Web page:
On a recent Tuesday evening, Janet Curiel, 58, watched about 12 people rehearse for an upcoming play called ‘Oromiya’s Return’ at Mixed Blood Theatre in Minneapolis’ Cedar Riverside neighborhood.
Inspired by her book Once Upon a Time in Oromiya (Sheeko Sheeko): An East African Traditional Folktale, the play depicts a life of an ancient Oromo family back in their homeland.
Oromo people who hail from the Horn of Africa have a rich folklore and oral tradition. However, despite their majority status, the Oromo are a historically marginalized group in Ethiopia. Their language, Afaan Oromo, one of the five most widely spoken languages in Africa, has only been a written language since 1992. It was banned from official use during Haile Selassie’s reign, the last king of Ethiopia. As a result, much of their history and cultural edifices remain unwritten.
Curiel, a native of Minneapolis, Minn., who currently teaches English as a second language (ESL) at the Brain Cole Community Center, was first introduced to the Oromo people through students she had in her class more than 13 years ago.
“I got to know their family and they have told me lots of sheeko sheeko stories, and I just wanted to write them down,” Curiel recalled. Sheeko Sheeko is an Oromo for story story.
An estimated 20,000 Oromos live in Minnesota, earning the state an unofficial name, Little Oromia. Oromo-Minnesotans live scattered around the state including Saint Paul, Minneapolis, and suburban towns like Brooklyn Park. According to community members, the state is also home to the largest East African population. The Oromo, most of whom follow Islam, are often mistaken for other east Africans. That is in part what motivated Curiel to take up their cause.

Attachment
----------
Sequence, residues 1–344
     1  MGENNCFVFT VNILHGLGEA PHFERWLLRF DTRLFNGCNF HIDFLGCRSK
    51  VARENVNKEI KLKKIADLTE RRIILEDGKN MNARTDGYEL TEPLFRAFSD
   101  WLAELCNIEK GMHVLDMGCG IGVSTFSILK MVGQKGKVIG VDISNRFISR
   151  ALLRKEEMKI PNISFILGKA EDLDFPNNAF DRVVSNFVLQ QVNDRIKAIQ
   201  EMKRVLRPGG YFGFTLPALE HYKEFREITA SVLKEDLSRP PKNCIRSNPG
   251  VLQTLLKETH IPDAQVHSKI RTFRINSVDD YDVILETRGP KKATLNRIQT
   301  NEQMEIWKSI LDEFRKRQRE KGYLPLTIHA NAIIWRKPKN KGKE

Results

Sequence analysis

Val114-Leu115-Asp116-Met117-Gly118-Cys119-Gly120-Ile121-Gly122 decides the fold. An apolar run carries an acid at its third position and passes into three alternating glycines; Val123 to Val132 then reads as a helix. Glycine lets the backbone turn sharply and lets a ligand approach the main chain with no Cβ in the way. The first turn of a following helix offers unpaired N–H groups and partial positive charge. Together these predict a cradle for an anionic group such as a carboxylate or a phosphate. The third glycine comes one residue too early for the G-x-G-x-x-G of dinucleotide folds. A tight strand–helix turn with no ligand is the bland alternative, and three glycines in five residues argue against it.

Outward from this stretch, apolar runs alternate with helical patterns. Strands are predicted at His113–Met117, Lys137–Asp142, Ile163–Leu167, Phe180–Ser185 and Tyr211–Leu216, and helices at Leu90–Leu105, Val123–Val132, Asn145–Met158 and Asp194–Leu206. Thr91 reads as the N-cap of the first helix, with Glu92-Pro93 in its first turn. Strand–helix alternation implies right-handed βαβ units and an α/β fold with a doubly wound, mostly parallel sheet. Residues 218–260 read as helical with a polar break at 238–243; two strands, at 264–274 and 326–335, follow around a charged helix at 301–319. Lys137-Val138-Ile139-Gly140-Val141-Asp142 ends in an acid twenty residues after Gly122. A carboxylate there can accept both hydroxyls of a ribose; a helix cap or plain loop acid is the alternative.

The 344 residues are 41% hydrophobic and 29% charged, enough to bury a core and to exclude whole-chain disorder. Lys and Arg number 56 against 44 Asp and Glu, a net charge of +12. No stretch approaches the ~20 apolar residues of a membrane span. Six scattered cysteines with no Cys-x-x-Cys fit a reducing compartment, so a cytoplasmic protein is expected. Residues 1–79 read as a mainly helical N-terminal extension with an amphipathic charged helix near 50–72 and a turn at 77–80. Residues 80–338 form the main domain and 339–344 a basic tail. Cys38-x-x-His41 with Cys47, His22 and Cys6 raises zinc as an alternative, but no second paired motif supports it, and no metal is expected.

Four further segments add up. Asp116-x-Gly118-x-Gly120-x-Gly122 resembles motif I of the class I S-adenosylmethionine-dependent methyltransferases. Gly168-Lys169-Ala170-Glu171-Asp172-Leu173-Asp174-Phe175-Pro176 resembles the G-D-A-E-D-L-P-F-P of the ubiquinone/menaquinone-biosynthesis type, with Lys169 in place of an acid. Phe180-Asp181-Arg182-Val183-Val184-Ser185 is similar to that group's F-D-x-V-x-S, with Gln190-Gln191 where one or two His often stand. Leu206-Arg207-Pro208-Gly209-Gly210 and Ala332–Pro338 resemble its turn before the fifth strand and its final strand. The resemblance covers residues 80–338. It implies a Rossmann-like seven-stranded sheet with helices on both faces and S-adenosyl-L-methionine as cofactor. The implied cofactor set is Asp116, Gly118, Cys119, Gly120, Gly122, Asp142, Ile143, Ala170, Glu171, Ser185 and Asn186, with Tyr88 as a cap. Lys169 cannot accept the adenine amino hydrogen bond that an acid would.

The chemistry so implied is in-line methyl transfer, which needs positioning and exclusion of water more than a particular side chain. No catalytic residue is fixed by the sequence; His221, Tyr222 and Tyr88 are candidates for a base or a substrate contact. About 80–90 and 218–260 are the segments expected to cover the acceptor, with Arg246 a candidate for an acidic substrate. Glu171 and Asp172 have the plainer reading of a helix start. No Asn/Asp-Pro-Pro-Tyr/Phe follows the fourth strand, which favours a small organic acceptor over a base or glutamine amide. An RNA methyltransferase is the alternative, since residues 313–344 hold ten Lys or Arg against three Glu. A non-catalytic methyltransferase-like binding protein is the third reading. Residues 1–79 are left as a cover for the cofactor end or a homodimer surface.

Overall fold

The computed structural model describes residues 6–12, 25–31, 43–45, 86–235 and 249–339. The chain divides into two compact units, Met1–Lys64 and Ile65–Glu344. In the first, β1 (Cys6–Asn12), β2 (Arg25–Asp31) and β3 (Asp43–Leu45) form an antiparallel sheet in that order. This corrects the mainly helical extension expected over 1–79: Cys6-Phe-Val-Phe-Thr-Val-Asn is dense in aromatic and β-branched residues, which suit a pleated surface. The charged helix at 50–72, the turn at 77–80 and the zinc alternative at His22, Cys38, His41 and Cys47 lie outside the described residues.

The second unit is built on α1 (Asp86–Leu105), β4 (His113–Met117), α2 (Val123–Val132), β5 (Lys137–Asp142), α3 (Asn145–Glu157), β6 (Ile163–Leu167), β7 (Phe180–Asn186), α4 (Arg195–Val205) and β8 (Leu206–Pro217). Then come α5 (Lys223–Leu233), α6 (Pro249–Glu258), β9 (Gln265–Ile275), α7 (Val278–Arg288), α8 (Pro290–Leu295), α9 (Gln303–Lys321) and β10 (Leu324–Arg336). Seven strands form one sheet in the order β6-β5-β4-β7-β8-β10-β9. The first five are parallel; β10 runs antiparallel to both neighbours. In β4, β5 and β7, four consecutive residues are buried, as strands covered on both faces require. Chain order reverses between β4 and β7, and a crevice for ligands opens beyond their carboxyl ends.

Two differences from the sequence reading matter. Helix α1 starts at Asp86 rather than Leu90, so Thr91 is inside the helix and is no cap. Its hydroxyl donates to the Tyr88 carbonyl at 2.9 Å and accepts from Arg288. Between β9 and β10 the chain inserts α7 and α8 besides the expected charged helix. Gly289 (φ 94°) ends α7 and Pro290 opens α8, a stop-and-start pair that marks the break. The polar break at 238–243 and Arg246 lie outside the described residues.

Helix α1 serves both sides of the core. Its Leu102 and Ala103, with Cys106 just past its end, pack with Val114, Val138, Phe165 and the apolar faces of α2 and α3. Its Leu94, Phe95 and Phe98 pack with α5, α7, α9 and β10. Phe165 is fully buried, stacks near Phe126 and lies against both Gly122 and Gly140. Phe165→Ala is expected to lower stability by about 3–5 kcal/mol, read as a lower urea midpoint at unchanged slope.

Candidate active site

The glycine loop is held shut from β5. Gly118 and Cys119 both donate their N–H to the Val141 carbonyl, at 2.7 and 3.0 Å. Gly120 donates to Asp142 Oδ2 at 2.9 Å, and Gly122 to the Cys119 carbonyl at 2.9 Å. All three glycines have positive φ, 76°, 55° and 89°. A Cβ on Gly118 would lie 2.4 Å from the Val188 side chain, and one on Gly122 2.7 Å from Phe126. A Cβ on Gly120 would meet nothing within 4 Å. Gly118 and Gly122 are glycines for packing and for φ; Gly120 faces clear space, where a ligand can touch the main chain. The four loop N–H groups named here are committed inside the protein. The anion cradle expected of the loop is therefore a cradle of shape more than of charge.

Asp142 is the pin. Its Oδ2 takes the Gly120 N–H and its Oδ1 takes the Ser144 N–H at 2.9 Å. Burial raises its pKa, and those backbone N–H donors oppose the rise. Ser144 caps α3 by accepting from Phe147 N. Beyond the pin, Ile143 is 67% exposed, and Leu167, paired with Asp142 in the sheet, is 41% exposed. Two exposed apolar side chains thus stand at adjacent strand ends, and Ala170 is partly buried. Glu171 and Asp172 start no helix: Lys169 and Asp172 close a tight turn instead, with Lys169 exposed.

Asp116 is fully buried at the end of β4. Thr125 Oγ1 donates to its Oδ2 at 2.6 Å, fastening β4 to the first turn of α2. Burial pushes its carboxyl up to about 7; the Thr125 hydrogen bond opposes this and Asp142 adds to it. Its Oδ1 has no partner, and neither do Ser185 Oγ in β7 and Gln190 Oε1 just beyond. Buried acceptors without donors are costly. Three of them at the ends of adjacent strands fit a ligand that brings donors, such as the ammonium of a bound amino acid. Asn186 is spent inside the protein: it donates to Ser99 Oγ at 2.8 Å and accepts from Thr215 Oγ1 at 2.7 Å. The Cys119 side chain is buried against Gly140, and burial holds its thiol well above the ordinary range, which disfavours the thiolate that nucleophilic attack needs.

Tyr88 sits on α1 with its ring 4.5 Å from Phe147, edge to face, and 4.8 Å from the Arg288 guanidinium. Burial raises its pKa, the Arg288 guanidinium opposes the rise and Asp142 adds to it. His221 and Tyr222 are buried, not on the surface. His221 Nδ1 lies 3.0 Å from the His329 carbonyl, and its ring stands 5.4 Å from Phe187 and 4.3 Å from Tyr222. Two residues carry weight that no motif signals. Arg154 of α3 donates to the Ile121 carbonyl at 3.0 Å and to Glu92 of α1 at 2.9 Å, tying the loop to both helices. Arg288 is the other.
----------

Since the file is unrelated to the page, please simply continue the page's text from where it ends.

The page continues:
“Everybody thinks they are Somalis, they are Oromo, they are different people,” said Curiel, who made a promise to her students more than a decade ago to help tell their stories. “I hope the play encourages the Oromo people to realize that they have so much to give.”
Curiel is using the platform to introduce the Oromo people to Americans while also showing the Oromos how Americans could be excited and interested in their culture.
Funded by a grant from the Minnesota Historical Society, as part of their neighborhood project for storytelling, the play would debut on April 29, 2012, 7:00 p.m. at the Mixed Blood Theatre.
Written by Jerrie Steele the 30-minute play is set long ago in the land of Kush, modern day Oromiyaa, in East Africa. In the play, after the death of Gadaa, one of the main characters, a wealthy Oromo family loses everything, including each other.
Later, a destitute father whose wife left him for a wealthy man jumps into a river to kill himself to only come out with a miraculous healing power. Using his newfound gift, he reunites the family.
The play highlights the Oromo way of life and one of their major inventions, the gadaa system –– a socio-political institution that governed the life of each Oromo from birth to death through a system of age grade. It also shows the connectedness Oromos have with each other and nature.
It is part drama and part a history of an ancient African nation whose culture and history is little know.
As to why she chose to write about Oromo, Curiel said, “ I just like Oromo people a lot, I don’t know why.”
“They are really nice, very warm and kind people.”
Reporting and photographs by Big Z Kadir. Subscribe to his updates on Facebook.